Re: Viewport and nested selected nodes

Jeni Tennison wrote:
> Hi,
> Alex Milowski wrote:
>> So, in XSLT, a select attribute with a value of "//h:div" would return
>> all the "h:div" elements in the document.  In our case, we're going
>> to return only the outermost elements.  As such, it isn't the same thing
>> as a select pattern in XSLT.  Given that, it seems like we're going
>> to confuse users who come from XSLT-land.
> There's no such thing as a "select pattern" in XSLT; in XSLT, a 'select' 
> attribute always holds an XPath expression, and 'match' is the usual 
> attribute for an XSLT pattern.

I'm just using the name that was used earlier in this thread.

> The 'select' for computed ports (and the input for for-each *is* a 
> computed port) must identify all nodes in the document, not just the 
> outermost ones. My use case is creating multi-page HTML output in which 
> every section (including sections-within-sections) has a separate page. 
> I want to do this with:
>   <p:for-each>
>     <p:input port="section" ... select="//section" />
>     <p:output port="result" step="toHTML" source="result" />
>     <p:step name="toHTML" type="p:xslt">
>       <p:input port="document" source="section" />
>       <p:input port="stylesheet" href="section2html.xsl" />
>     </p:step>
>   </p:for-each>

That use of 'select' is completely inconsistent with the use
described for 'viewport'.

> The 'select' for viewport doesn't behave in the same way as it does with 
> computed ports (and for-each) -- it only identifies outermost nodes --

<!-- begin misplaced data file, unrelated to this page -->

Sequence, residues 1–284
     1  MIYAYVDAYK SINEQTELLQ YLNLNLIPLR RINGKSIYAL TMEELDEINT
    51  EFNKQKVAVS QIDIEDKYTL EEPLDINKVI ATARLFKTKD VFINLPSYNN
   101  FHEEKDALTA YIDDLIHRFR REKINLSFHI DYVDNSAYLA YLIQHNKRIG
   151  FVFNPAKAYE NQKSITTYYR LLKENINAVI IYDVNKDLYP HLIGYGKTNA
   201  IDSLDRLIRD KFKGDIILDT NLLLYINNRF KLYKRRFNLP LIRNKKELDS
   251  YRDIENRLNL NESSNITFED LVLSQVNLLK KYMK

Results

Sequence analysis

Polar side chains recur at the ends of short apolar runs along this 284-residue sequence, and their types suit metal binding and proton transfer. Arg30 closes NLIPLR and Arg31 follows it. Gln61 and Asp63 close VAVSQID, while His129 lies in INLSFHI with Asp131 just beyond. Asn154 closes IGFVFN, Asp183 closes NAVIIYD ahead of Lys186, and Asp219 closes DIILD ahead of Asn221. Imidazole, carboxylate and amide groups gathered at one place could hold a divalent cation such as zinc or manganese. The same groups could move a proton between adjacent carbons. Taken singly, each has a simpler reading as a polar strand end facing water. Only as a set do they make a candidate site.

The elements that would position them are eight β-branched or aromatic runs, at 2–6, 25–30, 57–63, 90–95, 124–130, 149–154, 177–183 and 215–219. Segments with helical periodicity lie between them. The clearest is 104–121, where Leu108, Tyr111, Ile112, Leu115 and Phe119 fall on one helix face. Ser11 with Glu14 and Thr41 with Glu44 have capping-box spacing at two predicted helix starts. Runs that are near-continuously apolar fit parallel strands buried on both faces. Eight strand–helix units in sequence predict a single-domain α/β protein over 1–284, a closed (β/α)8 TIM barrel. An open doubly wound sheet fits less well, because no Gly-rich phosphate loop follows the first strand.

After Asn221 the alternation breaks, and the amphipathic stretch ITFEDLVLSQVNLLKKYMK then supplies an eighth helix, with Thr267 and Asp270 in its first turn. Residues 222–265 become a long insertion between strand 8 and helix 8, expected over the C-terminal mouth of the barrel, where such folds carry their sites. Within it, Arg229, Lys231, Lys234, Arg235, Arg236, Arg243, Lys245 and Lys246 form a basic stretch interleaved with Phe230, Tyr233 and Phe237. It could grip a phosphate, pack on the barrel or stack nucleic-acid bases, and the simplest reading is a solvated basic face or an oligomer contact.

> and therefore should be called something different from the 'select' for 
> computed ports. (This is part of my argument about putting these 
> attributes on the <p:viewport> rather than on a <p:input> inside.)

I disagree.  I think they need to work the same way.  This introduces
language complexity for the user and implementor.

Also, this particular use case is very easy to do right now without XML
pipelines in XSLT (e.g. apply a transform to each section in a single
document).  While we have many examples that could be implement in
other ways, this particular one strikes me as bending the pipeline
language.  ...but that's my opinion... :)

>> Note that a match pattern doesn't suffer from that confusion because
>> the "apply" semantics will be very similar to XSLT's template matching.
> But you *select* the nodes to which to apply templates using an XPath 
> expression. The match pattern on a template just helps you decide which 
> template to use to process them. We don't have a template-matching model 
> for processing different kinds of nodes in XProc, so I don't think that 
> the XSLT model applies.

The match pattern is a subset of XPath so that they can be compile into
a "matching" construct which reverses the question to "does this node"
match.  In the case of any computed port--whether for viewports or any
random port--an implementation needs to compute from the incoming
document a set of *matching* elements.  As such, the analogy works.

It would be very easy for an XSLT implementor to implement match
patterns for computed ports.  In fact, with a few extension functions,
they could probably implement the whole language...

If they aren't match pattern--but full XPath expressions--no 
off-the-shelf XPath implementation is going to be able to handle "the 
outermost" without additional processing.

--Alex Milowski

"The excellence of grammar as a guide is proportional to the paucity
of the inflexions, i.e. to the degree of analysis effected by the
language considered."

Bertrand Russell in a footnote of Principles of Mathematics

Received on Thursday, 26 October 2006 00:28:52 UTC